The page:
8

Speaking as a wireless telecom professional, the answer to your question depends on how precise you expect the location to be. With minimal effort (and a legal obligation to do so), I can tell exactly which cellsite(s) you were using, which narrows your location down to a particular geographic area. And we don't even need to know the IP Address, we just ...


7

There's no difference: DuckDuckGo doesn't offer any privacy protection when redirecting the search to another result page with a !bang. E.g. !google foo (https://duckduckgo.com/?q=!google+foo) just redirects to https://google.com/search?hl=en&q=foo using both meta refresh <meta http-equiv='refresh' content='0; url=https://google.com/search?hl=en&...


6

There is some Android ransomware that is fairly easy to get rid of using Android Debug Bridge. These are older lock screen trojans. Here's a page that has a good breakdown of the types and how to get rid of them. Some newer Android ransomware is very effective, but if you get one of these, you really have only 2 options - wipe the device or pay the ransom. ...


6

This feature randomly changes the MAC address reported by the phone. Nothing else. The MAC address is available to the Wi-Fi network but also, potentially, to software running on the device. E.g. a browser. MAC addresses are actually in two parts. The first part tells you what manufacturer the device (strictly speaking the manufacturer of the network ...


6

Bitcoin can combine several transactions' outputs as a new transaction's input, and it can also split a single transaction's output among many recipients. This is because only balances are transferred in transactions, not individual units of bitcoin. "Mixing" services do this to obscure where bitcoin is going. After inspecting one of these transactions, ...


6

Fire up an incognito browser window (or VM instance if you are really paranoid) to view WaPo, then only use it for that site, or close it and open a new one each time you visit.


6

You, as an individual, can't find who's behind an IP address. Well, you can grab an IP address via social-engineering tricks if you suspect someone, but if you have no idea who to suspect, then you're basically out of options here. The FBI is a government agency, they can just ask your Internet Service Provider because the law may allow them to do so ...


5

This can be done (see other answers) but the better question is-- even if you spent $1000 on all-new networking equipment, routers, wifi pineapples and whatnot, and you successfully captured the burglar's phone's hardware MAC address, the better questions are: How does this prove that the actual owner of the phone was in your house (and the phone itself ...


5

By claiming that it should be possible to find the original hacker simply by tracing back all connections this question implicitly assumes multiple things which are not true: All countries would need to work together to find the attacker because otherwise the attacker could just hide their path by connecting through several countries. But, this would mean ...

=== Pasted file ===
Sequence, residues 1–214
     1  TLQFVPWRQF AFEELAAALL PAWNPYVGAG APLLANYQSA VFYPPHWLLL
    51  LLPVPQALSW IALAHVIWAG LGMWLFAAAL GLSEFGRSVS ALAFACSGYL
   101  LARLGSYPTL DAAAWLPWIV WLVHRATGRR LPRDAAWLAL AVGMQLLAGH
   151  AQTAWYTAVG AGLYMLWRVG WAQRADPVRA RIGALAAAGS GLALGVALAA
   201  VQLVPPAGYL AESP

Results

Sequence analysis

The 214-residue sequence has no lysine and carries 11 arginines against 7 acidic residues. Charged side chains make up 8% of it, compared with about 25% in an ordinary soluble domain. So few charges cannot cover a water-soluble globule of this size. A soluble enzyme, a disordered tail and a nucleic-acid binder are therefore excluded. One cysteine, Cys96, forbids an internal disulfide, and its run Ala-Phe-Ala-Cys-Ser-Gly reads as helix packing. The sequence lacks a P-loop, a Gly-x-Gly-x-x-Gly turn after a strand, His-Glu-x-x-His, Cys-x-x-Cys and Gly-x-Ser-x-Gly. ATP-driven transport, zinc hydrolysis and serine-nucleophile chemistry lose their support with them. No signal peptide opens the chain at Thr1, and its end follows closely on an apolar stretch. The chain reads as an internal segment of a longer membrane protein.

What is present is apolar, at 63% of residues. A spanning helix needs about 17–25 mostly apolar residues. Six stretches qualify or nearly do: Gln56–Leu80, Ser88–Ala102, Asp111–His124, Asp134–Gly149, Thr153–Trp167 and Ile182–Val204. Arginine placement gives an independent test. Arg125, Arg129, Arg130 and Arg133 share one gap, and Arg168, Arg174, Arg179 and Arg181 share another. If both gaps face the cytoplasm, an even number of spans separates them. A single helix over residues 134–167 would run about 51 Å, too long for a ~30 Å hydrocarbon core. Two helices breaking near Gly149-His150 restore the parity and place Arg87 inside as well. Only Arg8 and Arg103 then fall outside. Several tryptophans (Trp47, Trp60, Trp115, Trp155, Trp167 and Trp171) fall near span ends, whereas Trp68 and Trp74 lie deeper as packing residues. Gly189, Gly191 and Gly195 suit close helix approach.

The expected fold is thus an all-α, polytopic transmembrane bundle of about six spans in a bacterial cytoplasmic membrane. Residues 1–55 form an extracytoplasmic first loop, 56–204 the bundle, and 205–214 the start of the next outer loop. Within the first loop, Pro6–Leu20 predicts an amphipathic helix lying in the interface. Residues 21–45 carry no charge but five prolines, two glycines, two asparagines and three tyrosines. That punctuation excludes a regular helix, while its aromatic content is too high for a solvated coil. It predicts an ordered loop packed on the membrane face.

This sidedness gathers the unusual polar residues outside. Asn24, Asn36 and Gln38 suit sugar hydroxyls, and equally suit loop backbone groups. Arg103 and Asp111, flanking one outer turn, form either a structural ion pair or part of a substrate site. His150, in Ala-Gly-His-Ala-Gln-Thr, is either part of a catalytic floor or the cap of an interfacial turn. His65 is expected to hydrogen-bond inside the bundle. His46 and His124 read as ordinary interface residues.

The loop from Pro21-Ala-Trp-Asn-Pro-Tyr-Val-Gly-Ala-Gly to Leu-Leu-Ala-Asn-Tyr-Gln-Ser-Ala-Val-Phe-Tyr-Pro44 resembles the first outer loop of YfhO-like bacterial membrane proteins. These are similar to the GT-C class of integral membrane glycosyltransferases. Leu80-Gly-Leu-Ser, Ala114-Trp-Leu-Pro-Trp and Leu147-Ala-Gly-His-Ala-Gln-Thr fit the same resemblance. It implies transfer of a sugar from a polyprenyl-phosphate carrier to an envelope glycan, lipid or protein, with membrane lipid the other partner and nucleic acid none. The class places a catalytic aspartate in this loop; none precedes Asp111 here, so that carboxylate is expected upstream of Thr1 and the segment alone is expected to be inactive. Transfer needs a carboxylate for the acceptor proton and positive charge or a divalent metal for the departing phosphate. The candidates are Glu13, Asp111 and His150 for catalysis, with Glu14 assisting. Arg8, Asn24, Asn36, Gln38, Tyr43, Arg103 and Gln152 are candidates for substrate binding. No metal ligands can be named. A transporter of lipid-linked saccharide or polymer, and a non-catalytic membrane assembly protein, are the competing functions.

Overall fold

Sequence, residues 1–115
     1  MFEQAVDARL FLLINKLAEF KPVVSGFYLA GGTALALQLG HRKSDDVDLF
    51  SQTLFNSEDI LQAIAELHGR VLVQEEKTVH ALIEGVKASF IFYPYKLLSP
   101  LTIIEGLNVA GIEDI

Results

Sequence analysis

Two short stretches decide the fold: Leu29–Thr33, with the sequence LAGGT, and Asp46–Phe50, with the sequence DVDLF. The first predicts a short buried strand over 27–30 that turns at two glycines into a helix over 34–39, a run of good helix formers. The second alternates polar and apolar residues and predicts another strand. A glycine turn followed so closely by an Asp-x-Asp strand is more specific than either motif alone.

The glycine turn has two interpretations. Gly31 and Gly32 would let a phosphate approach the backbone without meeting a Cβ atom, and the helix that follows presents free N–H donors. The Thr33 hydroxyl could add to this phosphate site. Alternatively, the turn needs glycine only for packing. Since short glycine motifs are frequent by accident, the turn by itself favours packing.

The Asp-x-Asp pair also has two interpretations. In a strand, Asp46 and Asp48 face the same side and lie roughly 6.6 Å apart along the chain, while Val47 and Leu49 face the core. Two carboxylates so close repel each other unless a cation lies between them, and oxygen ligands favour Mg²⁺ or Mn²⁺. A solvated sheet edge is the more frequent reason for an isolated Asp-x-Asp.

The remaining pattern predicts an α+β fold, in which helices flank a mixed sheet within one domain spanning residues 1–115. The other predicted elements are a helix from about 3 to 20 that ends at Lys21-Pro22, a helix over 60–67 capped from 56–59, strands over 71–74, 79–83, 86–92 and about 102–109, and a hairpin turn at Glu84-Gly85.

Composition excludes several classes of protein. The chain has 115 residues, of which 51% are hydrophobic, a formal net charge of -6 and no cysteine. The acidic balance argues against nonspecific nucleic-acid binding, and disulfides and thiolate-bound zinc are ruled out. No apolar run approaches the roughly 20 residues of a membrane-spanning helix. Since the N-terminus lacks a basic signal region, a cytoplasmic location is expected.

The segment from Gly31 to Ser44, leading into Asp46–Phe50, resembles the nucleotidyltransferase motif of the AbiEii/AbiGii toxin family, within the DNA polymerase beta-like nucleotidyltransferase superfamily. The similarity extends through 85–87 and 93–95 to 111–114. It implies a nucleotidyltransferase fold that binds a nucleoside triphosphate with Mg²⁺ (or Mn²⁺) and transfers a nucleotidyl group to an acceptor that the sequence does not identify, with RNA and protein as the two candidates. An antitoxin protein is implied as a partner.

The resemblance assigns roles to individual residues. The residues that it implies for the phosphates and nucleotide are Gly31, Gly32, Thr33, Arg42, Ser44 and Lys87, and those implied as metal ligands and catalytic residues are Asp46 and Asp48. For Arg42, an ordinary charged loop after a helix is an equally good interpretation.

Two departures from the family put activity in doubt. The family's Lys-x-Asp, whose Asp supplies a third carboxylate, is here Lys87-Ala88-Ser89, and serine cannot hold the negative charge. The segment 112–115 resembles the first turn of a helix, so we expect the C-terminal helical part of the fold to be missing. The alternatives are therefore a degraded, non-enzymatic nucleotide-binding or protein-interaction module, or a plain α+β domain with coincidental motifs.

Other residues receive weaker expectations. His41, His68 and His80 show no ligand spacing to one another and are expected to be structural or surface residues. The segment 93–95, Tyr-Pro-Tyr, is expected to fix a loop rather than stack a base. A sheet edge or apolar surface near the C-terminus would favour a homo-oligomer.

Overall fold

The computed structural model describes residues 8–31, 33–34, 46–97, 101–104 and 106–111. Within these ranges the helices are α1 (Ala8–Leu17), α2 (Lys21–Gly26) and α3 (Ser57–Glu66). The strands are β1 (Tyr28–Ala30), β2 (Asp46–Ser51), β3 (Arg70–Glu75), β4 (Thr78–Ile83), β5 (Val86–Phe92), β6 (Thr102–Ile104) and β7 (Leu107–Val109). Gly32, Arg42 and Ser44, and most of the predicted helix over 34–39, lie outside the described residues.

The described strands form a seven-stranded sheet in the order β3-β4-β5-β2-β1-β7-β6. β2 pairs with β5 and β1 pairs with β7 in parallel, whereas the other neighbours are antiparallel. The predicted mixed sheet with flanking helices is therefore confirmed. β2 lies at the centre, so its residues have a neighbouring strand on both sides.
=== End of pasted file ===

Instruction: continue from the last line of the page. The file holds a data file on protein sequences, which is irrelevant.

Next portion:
4

Note: this question might have been better on the Tor community despite being on-topic here. Thomas Roth demonstrated that Protonmail was vulnerable to a Cross-site scripting (XSS) attack. The video (Vimeo) he made shows that at least the mail body was vulnerable to Javascript injection. As soon as the receiver read the mail, the code is executed. ...


4

The SMB protocol (also CIFS) is meant to share files over the local networks. Since the file is hosted on your computer, there has to be a way to get your address for the client to retrieve it. Therefore, for the service to work, the file has to be able to be traced to your computer.


4

Warning: This answer is pure speculation. It is also hard to get references for covert programs, but I've linked to Wikipedia pages which have some good references. I've also stayed away from examining WhatsApp's implementation, as there are several other Security SE posts discussing various aspects of it. I hope I have matched your scenario correctly in ...


4

You're talking about a photo's EXIF data. It's metadata embedded into photographs by the device taking the pictures. Often it includes: Device information (model, sometimes serial number) Photograph information (Resolution, aperture, focal length, size, etc) GPS Information (Lat, Long) There are tools out there to strip EXIF data from pictures if you're ...


4

"Spoof" may be a poor term that will lead you down unhelpful paths. You want to obfuscate your location. Dynamic DNS or pivoting off of another server that you have cracked are ways to put layers in between yourself and the target and not expose yourself directly. So, the victim connects to a static address (Dyn DNS or static IP of another hacked server), ...


4

It depends on the method you are being tracked. If we are talking about a "wiretap," then the tracking is being done at the telco and as long as you maintain the same phone number, regardless of SIM or phone, it will get captured. If we are talking about false mobile towers, like Stingray devices, then you are being tracked by multiple factors; SIM, phone ...